Sustainable Timber Tasmania is required by legislation to make available a minimum of 137,000 cubic metres of high quality sawlog per year. Among other things, this requires building and maintaining an extensive road network to give access to operational areas.
A range of harvesting methods are used in Tasmanian production forests. Broadly, they include clearfelling, partial harvesting and selective harvesting.
There are four main types of forests that have been designated for timber production in Tasmania. Broadly, they can be described as:
- Wet eucalypt forests
- Dry eucalypt forests
- Blackwood forests
Sustainable Timber Tasmania uses different methods to grow, manage, harvest, and regrow each forest type, based on their ecology, scientific research and other important considerations, such as worker safety. For more information, see Fact Sheet No. 5 Harvesting and regrowing and Fact Sheet No. 6 Cable harvesting in the tab below.
Harvesting in wet eucalypt forest
In nature, wet eucalypt forests generally rely on a large bushfire to regenerate. These bushfires remove the canopy, enable sunlight to reach the forest floor, reveal a mineral earth seedbed, start natural seedfall and allow the seedlings to grow with reduced competition and predation from other species.
Sustainable Timber Tasmania uses clearfelling and aggregated retention to harvest timber from these forests to achieve the best regeneration results.
Clearfelling removes most trees and provides the light conditions the eucalypt seedlings require for germination and growth. Sustainable Timber Tasmania then uses a high-intensity burn to create a receptive seedbed, which is broadcast sown with collected seed. A seed management system is used to ensure all harvested areas are re-sown with eucalypt seed that matches the species mix and provenance of the original forest.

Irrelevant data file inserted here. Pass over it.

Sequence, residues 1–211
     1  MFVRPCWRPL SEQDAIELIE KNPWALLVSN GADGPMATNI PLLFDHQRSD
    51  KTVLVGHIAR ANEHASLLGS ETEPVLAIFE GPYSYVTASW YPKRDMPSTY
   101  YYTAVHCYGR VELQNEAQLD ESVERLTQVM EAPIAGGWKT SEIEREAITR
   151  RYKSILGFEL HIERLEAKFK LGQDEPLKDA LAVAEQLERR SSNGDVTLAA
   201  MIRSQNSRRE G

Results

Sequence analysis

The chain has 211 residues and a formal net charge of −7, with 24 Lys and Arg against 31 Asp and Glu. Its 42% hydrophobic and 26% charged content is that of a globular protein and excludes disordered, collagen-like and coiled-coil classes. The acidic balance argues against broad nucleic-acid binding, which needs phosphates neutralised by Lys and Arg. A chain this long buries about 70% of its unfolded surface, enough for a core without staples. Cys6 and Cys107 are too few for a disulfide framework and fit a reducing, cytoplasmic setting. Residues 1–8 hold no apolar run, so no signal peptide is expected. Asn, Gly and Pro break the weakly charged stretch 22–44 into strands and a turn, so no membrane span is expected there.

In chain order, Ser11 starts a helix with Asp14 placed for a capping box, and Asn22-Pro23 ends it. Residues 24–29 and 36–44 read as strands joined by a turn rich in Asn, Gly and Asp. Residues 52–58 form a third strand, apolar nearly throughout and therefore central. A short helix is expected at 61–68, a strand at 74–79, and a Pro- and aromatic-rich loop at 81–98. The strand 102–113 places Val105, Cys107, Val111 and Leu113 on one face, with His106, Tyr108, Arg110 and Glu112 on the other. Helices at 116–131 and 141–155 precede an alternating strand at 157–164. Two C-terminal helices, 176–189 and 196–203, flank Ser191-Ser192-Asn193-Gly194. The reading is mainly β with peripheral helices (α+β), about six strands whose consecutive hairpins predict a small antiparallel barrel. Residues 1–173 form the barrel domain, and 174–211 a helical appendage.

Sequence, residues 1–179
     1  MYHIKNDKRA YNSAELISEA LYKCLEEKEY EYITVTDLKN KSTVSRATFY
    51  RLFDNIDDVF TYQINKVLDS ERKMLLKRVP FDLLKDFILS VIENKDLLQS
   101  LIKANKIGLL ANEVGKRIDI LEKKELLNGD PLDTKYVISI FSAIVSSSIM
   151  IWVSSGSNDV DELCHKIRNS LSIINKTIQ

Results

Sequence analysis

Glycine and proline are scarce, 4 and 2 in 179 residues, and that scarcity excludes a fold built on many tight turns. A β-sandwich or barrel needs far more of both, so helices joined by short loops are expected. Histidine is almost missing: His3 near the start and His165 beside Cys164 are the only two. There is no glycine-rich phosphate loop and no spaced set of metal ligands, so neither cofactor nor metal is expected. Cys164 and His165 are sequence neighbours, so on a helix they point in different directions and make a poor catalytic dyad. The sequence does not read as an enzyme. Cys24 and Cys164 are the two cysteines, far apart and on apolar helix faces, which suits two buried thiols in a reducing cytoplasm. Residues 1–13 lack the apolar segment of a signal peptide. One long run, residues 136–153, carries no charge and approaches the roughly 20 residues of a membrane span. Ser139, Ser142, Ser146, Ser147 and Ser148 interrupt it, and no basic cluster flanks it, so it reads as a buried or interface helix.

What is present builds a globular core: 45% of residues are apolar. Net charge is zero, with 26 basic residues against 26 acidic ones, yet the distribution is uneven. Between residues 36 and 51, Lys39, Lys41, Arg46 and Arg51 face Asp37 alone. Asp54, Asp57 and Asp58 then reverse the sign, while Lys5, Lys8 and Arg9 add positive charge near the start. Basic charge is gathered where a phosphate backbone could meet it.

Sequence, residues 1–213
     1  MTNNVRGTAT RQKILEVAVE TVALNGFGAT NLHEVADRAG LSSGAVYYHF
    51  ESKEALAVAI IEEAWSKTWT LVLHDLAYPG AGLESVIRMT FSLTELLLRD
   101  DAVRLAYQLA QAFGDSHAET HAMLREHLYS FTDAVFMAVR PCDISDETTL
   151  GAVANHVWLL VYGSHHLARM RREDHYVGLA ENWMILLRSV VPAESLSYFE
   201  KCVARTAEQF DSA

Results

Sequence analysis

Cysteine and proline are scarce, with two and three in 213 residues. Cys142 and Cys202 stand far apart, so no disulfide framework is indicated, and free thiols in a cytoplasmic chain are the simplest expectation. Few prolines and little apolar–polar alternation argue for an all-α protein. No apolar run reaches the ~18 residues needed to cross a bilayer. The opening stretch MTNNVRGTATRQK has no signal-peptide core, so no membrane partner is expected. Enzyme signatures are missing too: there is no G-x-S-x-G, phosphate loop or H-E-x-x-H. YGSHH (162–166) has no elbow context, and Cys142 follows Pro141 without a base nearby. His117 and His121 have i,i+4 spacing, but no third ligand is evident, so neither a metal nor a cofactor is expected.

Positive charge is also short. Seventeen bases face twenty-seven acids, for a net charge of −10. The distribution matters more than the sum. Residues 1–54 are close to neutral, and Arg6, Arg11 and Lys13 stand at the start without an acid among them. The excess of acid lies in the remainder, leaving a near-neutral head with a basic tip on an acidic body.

Pesticides and fertilisers are generally not used in the regeneration process.
While clearfelling is generally the preferred method of harvesting in wet eucalypt forests, aggregated retention is used in production forests with special significance. This technique is operationally more difficult but is used to provide greater habitat connectivity between forest edges and the regenerating coupe.
Harvesting in dry eucalypt forest
Dry eucalypt forests are generally more open and do not have a dense wet understorey. As a result, sunlight can reach the forest floor enabling seedlings to establish to fill gaps in the canopy. These forests do not need to be clearfelled to produce the right conditions to enable regrowth of harvested trees.
Sustainable Timber Tasmania therefore uses a range of partial harvesting methods in dry eucalypt forests. These methods generally rely on seed falling to the ground from retained trees to regenerate harvested areas.
Harvesting in rainforest
Sustainable Timber Tasmania only undertakes limited harvesting in rainforest areas, for special species timber such as celery top pine, myrtle and sassafras. Selective harvesting techniques are used in these forests. As rainforests regenerate naturally without major disturbance, regeneration burning is not required.